How to speak the hidden language of charisma — plus the one thing you shouldn’t do on Zoom

Amanda LeClaire

Vanessa Van Edwards is the author of “Cues.” Photo credit: Maggie Kirkland

There’s an invisible language being spoken all around us 24/7, which has an incredible impact on our lives every day. That’s the signals we send to others as social cues through our body language, facial expressions, word choice and vocal inflection.

Author and speaker Vanessa Van Edwards has been studying the language of social cues for more than 10 years, exploring the science of persuasion and charisma. Her latest book, Cues, is a guide to this veiled language.

“Charisma can be cultivated,” Van Edwards says. When I started this research 17 years ago, I noticed that highly charismatic people use a very specific set of cues to signal to the world their warmth, their competence and their confidence. And I wondered, ‘What if I could catalog those cues and codify them, to make them into a usable language for all of us to learn?”

In high school, Van Edwards read Dale Carnegie’s iconic book, How To Win Friends and Influence People. She points out that people skills were taught by extroverts.

“Extroverts would take this natural superpower that they had, and they would try to teach non-extroverts basically how to be more extroverted. … And the problem is if extroverts teach people skills, everyone who is not an extrovert is basically pretending to not pretending to not be themselves or being inauthentic. And that is one of the most exhausting ways to interact.”

Van Edwards says the key is to find “you flavor of charisma” to connect authentically with people and to make a good impression.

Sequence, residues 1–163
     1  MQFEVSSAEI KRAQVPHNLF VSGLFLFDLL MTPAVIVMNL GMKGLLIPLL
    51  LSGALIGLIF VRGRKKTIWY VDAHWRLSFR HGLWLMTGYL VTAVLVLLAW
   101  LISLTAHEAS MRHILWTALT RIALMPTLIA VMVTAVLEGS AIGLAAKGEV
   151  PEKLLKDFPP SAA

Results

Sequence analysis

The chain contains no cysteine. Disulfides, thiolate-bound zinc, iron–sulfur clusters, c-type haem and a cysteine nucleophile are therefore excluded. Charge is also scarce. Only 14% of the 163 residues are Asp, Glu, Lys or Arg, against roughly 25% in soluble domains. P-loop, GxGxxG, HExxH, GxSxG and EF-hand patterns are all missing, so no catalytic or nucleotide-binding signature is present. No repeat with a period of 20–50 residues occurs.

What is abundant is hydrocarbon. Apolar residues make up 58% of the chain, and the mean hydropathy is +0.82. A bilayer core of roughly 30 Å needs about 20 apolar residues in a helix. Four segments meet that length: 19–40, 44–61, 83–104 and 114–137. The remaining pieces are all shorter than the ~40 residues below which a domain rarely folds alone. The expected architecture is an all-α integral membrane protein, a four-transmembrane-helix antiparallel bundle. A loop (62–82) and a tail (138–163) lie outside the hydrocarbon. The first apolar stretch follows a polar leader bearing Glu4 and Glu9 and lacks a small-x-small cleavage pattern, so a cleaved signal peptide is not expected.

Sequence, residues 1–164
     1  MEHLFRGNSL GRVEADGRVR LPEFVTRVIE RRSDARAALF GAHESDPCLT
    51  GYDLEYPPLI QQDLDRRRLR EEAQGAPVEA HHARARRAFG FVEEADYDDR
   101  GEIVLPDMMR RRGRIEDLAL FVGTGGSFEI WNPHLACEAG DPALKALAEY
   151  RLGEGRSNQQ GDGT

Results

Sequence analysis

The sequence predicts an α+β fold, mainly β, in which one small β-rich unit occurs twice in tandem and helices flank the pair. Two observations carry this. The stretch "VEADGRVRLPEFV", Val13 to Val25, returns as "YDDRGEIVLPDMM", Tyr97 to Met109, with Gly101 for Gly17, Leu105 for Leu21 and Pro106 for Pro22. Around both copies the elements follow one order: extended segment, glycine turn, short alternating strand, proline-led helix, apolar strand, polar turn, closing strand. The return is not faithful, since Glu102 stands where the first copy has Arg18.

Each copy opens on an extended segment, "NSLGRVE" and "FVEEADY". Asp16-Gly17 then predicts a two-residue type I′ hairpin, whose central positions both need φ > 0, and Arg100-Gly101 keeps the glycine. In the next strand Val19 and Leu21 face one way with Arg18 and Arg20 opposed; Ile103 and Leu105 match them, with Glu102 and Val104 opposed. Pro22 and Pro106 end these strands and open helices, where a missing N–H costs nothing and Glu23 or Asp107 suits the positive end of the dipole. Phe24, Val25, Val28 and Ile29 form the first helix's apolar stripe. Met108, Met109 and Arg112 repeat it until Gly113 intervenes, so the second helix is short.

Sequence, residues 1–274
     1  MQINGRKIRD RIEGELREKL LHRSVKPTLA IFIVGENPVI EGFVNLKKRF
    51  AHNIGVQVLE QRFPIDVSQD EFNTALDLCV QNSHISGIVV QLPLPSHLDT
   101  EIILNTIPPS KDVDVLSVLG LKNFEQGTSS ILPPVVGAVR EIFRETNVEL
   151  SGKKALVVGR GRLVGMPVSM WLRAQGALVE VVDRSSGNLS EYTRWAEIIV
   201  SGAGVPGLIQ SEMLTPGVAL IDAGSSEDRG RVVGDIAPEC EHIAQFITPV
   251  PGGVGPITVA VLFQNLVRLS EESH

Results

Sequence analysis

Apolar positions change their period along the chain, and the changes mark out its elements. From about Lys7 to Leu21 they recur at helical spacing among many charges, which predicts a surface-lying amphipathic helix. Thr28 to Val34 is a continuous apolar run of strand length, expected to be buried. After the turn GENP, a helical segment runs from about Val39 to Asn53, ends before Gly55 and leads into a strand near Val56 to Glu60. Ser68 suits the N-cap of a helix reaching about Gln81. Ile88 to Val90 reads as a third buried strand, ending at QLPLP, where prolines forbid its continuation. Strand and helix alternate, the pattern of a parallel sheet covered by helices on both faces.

Two years into the pandemic, everyone is well acquainted with Zoom. While we are slowing returning to more in-person engagements and events, virtual meetings are the norm. Van Edwards says the biggest mistake she hears on Zoom meetings or calls is how people introduce themselves by using the question inflection on their own name, i.e. their voice goes up at the end of a sentence.

Photo credit: Penguin Random House

“When we go up at the end of our sentence, it sounds like we’re asking everything we’re saying,” Van Edwards says. “When you do that, you are telling people, ‘I am a little uncomfortable and you should be uncomfortable to.’”

She adds: “People do not like listening to question inflection because it reminds them of liars. In our research, we found that liars typically ask their lies.”

As for returning to more in-person interactions, Van Edwards suggests being the “first liker.”

“[The situation that] creates awkwardness of any interaction is not knowing what to do,” Van Edwards says of when people greet each other and don’t know whether to hug, shake hands or stay 6 feet away. She suggests if you want to keep your distance, signal that. Same goes for handshakes (stick your hand out as you approach) or stretch your arms out if you’re going in for a hug.

“The more clear you are with your signals, the more someone is going to feel more at ease from the moment they first see you,” Van Edwards says.

Whether it’s a Zoom call or walking into a room, the one piece of advice Van Edwards like to give anxious folks is to breathe.

“When we’re nervous, we tend to hold our breath and … we answer all the way at the top of our breath,” she says. Before answering the phone, hopping on Zoom or walking into a room, Van Edwards suggests taking a couple of breaths, relaxing and speaking while exhaling. “That breath is going to bring your voice down. It’s going to relax your body. It’s going to keep you more still and it’s also going to make you feel more confident.”

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Amanda LeClaire is Host of CultureShift and is a founding producer of both of WDET’s locally-produced daily shows. She’s been involved in radio and the arts in Detroit for over a decade.

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